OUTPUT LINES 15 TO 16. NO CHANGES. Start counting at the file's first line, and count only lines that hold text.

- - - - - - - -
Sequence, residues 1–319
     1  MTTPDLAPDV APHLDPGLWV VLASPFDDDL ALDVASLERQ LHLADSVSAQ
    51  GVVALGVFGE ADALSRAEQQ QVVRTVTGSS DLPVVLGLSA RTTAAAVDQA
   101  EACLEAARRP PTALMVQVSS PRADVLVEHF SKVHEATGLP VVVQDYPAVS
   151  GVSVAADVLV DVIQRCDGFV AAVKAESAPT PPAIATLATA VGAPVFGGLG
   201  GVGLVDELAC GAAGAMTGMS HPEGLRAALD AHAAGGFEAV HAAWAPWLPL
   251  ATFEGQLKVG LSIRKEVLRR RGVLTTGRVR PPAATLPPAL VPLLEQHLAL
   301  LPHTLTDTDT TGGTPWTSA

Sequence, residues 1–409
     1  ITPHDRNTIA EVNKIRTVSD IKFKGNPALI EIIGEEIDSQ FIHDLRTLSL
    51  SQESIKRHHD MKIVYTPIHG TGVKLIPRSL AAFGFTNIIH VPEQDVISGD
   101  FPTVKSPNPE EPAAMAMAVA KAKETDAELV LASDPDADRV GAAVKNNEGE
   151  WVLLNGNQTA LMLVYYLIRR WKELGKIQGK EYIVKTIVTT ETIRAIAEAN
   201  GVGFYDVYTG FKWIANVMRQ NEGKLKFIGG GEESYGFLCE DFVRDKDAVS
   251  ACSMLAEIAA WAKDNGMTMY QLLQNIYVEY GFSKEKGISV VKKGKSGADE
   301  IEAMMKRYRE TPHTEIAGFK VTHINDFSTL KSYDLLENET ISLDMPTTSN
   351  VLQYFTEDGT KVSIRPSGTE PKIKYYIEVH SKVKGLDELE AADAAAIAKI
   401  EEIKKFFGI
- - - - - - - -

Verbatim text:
   251  ACSMLAEIAA WAKDNGMTMY QLLQNIYVEY GFSKEKGISV VKKGKSGADE
   301  IEAMMKRYRE TPHTEIAGFK VTHINDFSTL KSYDLLENET ISLDMPTTSN